ANCHORAGE - State survey teams start walking the beaches of Unalaska this week to check for residue from thousands of gallons of oil that spilled from a soybean freighter after it grounded off the Aleutian island more than a year ago.
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Environmental officials were to arrive Monday for the start of summer clean-up operations of the 335,000 gallons of fuel oil that gushed from the Selendang Ayu after it grounded in December 2004.
They are particularly curious about how much wave action from an abundant winter storm season may have helped wash oil from the more than six miles of shoreline along Skan and Makushin bays that fell short of cleanup benchmarks during the state's most recent visit in September.
"We expect a lot of the more exposed beaches have been worked over by waves, while areas that are more shadowed will require more clean-up," said Leslie Pearson, on-scene coordinator for the Department of Environmental Conservation.
The three-member state survey team will decide which beaches of volcanic rocks and sediment still need mopping up by companies contracting with Singapore-based IMC Group, which owns the Selendang Ayu.
State survey crews will rotate in and out of Unalaska all summer, or until they consider the clean-up finished.
"It should be completed this summer season," Pearson said. "I'm crossing my fingers."
IMC Shipping is responsible under state law for fully funding the cleanup and has paid about $100 million to remove oil film and tar balls from the gray-green waters and rocky beaches of the island. Unalaska is the hub for a prolific commercial fishery about 800 miles southwest of Anchorage.
So far the state has paid out $2.1 million, mostly to send out survey teams, Pearson said. IMC, which must reimburse the state, has paid back $1.7 million of those costs so far.
Also starting in May, work crews with Unalaska-based Magone Marine will undertake a delicate butchering operation to remove the smokestack and engine of the 738-foot vessel with cutting torches. They will send divers to cut away parts of the engine room and assess how best to remove the decking. The hulk of the Selendang Ayu is listing to starboard in about 30 feet of water within a quarter mile of shore.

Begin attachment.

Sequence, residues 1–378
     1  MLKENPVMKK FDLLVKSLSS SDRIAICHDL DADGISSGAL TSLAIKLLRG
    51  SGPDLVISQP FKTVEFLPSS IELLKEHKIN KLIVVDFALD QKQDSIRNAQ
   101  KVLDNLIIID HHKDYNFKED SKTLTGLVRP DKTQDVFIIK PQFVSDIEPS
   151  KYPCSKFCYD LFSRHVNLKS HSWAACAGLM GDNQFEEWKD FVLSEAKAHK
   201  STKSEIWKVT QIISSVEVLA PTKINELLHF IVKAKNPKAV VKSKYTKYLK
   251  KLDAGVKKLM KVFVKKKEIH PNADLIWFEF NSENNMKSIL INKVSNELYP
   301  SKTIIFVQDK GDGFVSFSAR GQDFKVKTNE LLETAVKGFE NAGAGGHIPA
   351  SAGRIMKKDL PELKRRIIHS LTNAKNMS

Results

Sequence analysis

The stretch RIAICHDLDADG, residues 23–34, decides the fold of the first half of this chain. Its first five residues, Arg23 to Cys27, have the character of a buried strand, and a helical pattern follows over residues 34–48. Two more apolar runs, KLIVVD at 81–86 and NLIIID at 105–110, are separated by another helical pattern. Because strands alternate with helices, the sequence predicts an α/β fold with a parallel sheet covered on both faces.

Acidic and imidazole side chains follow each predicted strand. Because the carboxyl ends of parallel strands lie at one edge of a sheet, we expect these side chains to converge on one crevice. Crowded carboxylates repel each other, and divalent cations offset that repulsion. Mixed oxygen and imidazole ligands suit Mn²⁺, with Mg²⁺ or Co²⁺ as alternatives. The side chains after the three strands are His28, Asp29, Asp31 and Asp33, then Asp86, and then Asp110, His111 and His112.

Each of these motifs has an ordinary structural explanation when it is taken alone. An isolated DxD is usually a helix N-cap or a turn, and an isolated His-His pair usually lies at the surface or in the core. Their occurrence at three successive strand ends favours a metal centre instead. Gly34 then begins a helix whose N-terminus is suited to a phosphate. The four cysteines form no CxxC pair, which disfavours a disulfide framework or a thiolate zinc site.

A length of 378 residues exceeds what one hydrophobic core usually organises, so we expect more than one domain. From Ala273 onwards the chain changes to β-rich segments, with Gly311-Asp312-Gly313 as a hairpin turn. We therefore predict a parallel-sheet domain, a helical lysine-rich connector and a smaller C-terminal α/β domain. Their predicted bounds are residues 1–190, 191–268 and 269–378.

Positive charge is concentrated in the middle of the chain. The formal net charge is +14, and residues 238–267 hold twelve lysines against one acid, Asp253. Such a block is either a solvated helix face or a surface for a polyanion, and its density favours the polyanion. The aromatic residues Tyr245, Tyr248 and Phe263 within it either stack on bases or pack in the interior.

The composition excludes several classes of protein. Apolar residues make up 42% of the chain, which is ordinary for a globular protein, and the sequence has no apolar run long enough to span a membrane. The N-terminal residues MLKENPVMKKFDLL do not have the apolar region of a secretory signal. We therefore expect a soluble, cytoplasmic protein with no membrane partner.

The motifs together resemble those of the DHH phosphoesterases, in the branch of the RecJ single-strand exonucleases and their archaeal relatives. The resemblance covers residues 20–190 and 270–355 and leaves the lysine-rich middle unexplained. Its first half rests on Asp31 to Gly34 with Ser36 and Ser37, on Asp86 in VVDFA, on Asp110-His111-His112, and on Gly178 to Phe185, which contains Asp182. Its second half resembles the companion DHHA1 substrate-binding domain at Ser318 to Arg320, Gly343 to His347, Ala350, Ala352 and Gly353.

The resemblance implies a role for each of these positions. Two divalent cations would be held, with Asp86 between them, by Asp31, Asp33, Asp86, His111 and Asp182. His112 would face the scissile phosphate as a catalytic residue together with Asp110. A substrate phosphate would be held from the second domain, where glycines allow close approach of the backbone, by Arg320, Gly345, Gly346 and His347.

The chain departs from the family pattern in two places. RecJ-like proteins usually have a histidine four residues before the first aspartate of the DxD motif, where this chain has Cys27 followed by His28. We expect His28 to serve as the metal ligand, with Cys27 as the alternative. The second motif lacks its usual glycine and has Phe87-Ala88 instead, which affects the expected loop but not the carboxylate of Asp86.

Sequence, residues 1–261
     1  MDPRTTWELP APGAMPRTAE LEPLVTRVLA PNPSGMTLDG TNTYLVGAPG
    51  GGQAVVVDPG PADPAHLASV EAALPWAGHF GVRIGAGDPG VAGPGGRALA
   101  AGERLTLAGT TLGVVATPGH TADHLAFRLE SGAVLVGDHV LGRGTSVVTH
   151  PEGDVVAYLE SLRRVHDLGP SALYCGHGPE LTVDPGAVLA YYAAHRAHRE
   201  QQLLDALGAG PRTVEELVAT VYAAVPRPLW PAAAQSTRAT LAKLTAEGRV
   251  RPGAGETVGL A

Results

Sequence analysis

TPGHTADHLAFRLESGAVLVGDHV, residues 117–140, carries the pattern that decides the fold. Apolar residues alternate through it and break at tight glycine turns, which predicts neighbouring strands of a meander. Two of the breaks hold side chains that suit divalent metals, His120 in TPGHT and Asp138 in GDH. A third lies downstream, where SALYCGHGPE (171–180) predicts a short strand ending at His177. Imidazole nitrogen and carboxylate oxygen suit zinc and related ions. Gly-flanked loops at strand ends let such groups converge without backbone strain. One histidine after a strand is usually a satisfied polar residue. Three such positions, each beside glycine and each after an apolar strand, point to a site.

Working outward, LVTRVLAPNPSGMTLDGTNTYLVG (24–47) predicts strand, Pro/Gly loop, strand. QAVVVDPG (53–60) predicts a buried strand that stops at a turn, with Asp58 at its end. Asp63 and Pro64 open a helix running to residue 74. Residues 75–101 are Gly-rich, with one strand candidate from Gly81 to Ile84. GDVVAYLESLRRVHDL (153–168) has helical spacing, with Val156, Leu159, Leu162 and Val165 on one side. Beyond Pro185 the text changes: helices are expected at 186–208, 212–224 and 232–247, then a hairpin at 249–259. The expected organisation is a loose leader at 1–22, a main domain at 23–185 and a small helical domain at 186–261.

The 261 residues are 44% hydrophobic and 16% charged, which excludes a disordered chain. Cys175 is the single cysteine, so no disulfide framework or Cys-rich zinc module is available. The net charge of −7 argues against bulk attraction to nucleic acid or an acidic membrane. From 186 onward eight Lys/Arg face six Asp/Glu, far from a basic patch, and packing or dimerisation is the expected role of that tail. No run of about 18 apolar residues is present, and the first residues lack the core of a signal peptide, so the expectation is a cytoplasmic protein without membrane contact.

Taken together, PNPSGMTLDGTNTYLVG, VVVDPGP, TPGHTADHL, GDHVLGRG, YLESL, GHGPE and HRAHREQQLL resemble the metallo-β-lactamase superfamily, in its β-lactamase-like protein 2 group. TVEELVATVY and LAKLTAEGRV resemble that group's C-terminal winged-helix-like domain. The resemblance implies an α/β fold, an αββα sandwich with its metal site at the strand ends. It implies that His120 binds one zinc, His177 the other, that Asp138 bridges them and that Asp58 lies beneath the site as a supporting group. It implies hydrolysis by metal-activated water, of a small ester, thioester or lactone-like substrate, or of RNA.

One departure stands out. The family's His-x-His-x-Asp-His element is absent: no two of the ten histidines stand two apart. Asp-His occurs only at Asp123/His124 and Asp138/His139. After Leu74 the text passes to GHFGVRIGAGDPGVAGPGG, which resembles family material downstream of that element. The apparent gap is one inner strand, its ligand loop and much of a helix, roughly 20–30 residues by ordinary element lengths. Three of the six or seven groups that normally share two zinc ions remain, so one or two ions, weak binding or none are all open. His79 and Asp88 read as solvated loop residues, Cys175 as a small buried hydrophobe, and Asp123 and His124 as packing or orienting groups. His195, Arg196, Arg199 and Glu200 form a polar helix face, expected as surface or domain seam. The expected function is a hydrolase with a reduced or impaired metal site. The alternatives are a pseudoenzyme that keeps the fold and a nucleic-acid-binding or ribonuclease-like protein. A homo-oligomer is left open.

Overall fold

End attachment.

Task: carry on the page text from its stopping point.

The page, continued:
The state team will also retest shellfish, such as clams and chitons, to make sure they are safe for humans to eat, and meet with Unalaska residents who have concerns about the spill. In April, the state said mussels and other shellfish collected last summer from the grounding site are safe for human consumption.
The state is still trying to calculate what percentage has been cleaned up so far. But the exact figures may never be known because it's unclear how much oil washed ashore and how much was carried off into the North Pacific.
Retracing the oil's oceanic path is difficult because data on currents in the area is spotty, and violent storms after the grounding prevented overflights that could have monitored the oil as it floated out to sea, Pearson said.
The DEC is still working with the Department of Law on possible civil penalties for IMC, but "this trip is not about a lawsuit," said Gary Folley, an on-scene coordinator with the DEC, who was scheduled to arrive on Unalaska on Monday.
The Malaysian-flagged Selendang Ayu was en route from Tacoma, Wash., to China with a load of soybeans when it grounded and broke apart Dec. 8, 2004. The vessel was carrying an estimated 442,000 gallons of fuel oil and some diesel.
A Coast Guard helicopter carrying Selendang crew members from the tanker crashed during rescue operations, and six of the 10 freighter crew aboard died. The Coast Guard personnel survived.
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